“It may be hard to imagine that any green party could work with a party such as National that are in favour of mining, deep sea oil drilling and extractive economy (although that doesn’t stop the Greens from expressing a preference for Labour who have said they’d do the same things) but who else will change their position unless they are holding the balance of power?”
The Greens can be described as ‘left’, just as the colour of a puriri tree can be described as ‘dark’, but not adequately so. The Greens have an uncompromising commitment to fairness and equality. They also have a commitment to individual rights and to limitations on the power of the State, but I wouldn’t describe them as ‘right wing’ either. What I would say is that by rejecting the left/right dichotomy as inadequate to describe Green politics, the Greens become free to adopt what is valuable from either end of the spectrum and evolve it in accordance with their own philosophies. Some people on the left would say that there is nothing valuable to be found on the right, and vice versa. That kind of locked-in thinking is exactly the problem.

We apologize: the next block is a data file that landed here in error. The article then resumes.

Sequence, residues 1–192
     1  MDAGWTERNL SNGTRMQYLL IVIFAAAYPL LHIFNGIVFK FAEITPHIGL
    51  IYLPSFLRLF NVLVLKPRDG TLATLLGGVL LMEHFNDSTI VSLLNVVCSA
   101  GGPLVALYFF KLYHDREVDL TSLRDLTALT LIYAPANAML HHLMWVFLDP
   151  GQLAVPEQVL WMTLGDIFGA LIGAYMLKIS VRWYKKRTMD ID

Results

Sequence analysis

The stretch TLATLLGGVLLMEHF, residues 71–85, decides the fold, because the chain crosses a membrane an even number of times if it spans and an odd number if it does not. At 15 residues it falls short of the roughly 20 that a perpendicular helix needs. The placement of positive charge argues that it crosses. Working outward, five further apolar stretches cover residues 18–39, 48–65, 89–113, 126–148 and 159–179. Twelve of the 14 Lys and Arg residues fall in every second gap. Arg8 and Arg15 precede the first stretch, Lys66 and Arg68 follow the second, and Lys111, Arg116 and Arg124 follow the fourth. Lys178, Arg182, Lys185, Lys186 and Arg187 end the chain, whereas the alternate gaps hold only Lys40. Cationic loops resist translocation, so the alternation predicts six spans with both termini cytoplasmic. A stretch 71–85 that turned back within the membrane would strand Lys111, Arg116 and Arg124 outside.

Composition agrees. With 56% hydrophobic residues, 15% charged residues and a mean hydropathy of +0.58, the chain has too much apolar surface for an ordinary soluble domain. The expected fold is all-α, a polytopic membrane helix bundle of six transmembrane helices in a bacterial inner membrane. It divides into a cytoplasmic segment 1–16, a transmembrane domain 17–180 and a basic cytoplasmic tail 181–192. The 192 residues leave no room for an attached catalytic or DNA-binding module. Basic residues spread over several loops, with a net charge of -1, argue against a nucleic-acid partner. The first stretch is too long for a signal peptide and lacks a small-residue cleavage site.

– Nandor Tanczos, 2011
I believe the Green Party is at a crossroads. After a lower-than-expected party vote in the…
View original post 2,787 more words